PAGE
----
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Migration, Risk, and Liquidity Constraints in El Salvador

  • Halliday, Timothy

This article utilizes panel data from El Salvador to investigate the use of transnational migration as an ex post risk management strategy. I show that adverse agricultural conditions in El Salvador increase both migration to the United States and remittances sent back to El Salvador. I show that, in the absence of any agricultural shocks, the probability that a household sent members to the United States would have decreased on average by 24.26%. I also show that the 2001 earthquakes reduced net migration to the United States. A one standard deviation increase in earthquake damage reduced the average probability of northward migration by 37.11%. The evidence suggests that the effects of the earthquakes had more to do with households retaining labor at home to cope with the effects of the disaster than with the earthquakes disrupting migration financing.

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Article provided by University of Chicago Press in its journal Economic Development and Cultural Change.

Volume (Year): 54 (2006)
Issue (Month): 4 (July)
Pages: 893-925

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Handle: RePEc:ucp:ecdecc:y:2006:v:54:i:4:p:893-925
Contact details of provider: Web page: http://www.journals.uchicago.edu/EDCC/

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  1. Besley, Timothy, 1995. "Savings, credit and insurance," Handbook of Development Economics, in: Hollis Chenery & T.N. Srinivasan (ed.), Handbook of Development Economics, edition 1, volume 3, chapter 36, pages 2123-2207 Elsevier.
  2. Rosenzweig, Mark R, 1988. "Risk, Implicit Contracts and the Family in Rural Areas of Low-income Countries," Economic Journal, Royal Economic Society, vol. 98(393), pages 1148-70, December.
  3. Paxson, Christina H, 1992. "Using Weather Variability to Estimate the Response of Savings to Transitory Income in Thailand," American Economic Review, American Economic Association, vol. 82(1), pages 15-33, March.
  4. Udry, Christopher, 1994. "Risk and Insurance in a Rural Credit Market: An Empirical Investigation in Northern Nigeria," Review of Economic Studies, Wiley Blackwell, vol. 61(3), pages 495-526, July.
  5. Powell, James L., 1984. "Least absolute deviations estimation for the censored regression model," Journal of Econometrics, Elsevier, vol. 25(3), pages 303-325, July.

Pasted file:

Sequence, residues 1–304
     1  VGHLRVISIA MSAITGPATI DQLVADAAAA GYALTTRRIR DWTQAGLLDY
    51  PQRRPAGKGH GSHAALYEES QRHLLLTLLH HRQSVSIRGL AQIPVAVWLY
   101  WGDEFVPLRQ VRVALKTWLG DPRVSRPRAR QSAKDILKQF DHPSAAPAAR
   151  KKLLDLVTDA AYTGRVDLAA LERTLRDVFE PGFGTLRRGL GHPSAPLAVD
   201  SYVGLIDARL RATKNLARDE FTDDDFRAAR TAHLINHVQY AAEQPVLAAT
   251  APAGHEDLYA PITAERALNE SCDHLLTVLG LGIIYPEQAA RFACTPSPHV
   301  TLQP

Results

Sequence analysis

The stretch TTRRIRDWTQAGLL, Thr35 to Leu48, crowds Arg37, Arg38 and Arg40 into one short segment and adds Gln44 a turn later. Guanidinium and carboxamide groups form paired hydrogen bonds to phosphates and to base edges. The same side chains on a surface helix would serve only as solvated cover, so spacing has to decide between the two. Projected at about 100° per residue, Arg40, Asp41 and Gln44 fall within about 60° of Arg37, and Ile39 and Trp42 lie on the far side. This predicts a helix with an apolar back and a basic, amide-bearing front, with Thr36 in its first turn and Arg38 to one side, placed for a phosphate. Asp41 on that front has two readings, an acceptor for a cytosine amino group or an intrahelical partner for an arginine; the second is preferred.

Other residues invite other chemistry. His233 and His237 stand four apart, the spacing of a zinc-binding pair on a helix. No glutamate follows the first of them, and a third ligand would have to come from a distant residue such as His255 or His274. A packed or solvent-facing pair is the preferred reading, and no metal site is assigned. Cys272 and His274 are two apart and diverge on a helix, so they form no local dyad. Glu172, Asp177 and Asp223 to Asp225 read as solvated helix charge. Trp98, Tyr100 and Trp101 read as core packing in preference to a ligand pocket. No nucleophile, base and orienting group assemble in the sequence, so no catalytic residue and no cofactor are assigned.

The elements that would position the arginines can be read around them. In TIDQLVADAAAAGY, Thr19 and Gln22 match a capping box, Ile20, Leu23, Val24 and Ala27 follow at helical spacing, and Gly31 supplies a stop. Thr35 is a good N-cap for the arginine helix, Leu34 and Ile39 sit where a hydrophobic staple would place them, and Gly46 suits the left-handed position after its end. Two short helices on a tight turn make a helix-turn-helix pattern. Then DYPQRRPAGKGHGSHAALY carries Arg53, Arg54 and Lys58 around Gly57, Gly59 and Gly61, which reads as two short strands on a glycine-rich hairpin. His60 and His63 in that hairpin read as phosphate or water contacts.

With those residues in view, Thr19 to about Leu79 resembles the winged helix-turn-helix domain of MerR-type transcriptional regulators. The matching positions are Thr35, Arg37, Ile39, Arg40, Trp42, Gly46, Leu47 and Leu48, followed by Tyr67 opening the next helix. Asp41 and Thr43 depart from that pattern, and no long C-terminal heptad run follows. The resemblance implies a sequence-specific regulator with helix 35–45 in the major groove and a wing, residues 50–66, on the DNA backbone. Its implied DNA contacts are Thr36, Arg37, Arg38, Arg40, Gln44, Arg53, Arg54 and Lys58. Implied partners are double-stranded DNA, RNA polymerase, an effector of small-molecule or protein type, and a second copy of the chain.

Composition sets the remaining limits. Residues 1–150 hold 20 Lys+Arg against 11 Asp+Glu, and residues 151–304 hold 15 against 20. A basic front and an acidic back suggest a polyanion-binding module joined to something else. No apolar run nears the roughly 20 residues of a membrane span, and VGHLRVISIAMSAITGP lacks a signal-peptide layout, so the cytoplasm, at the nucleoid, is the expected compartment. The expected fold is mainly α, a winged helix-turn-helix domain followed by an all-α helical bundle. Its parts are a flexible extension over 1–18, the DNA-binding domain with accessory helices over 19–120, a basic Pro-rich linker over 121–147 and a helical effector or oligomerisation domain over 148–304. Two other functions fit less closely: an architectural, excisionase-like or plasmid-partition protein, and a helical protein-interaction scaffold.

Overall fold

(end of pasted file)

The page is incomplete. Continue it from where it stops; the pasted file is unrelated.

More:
6. Townsend, Robert M, 1994. "Risk and Insurance in Village India," Econometrica, Econometric Society, vol. 62(3), pages 539-91, May.
  7. Martin Ravallion & Shubham Chaudhuri, 1997. "Risk and Insurance in Village India: Comment," Econometrica, Econometric Society, vol. 65(1), pages 171-184, January.
  8. Stark, Oded & Levhari, David, 1982. "On Migration and Risk in LDCs," Economic Development and Cultural Change, University of Chicago Press, vol. 31(1), pages 191-96, October.
  9. Udry, Christopher, 1995. "Risk and Saving in Northern Nigeria," American Economic Review, American Economic Association, vol. 85(5), pages 1287-1300, December.
  10. Rosenzweig, Mark R & Stark, Oded, 1989. "Consumption Smoothing, Migration, and Marriage: Evidence from Rural India," Journal of Political Economy, University of Chicago Press, vol. 97(4), pages 905-26, August.
  11. Robert MOFFIT & John FITZGERALD & Peter GOTTSCHALK, 1999. "Sample Attrition in Panel Data: The Role of Selection on Observables," Annales d'Economie et de Statistique, ENSAE, issue 55-56, pages 129-152.
  12. Kaivan Munshi, 2003. "Networks In The Modern Economy: Mexican Migrants In The U.S. Labor Market," The Quarterly Journal of Economics, MIT Press, vol. 118(2), pages 549-599, May.
  13. Hoddinott, John, 1994. "A Model of Migration and Remittances Applied to Western Kenya," Oxford Economic Papers, Oxford University Press, vol. 46(3), pages 459-76, July.
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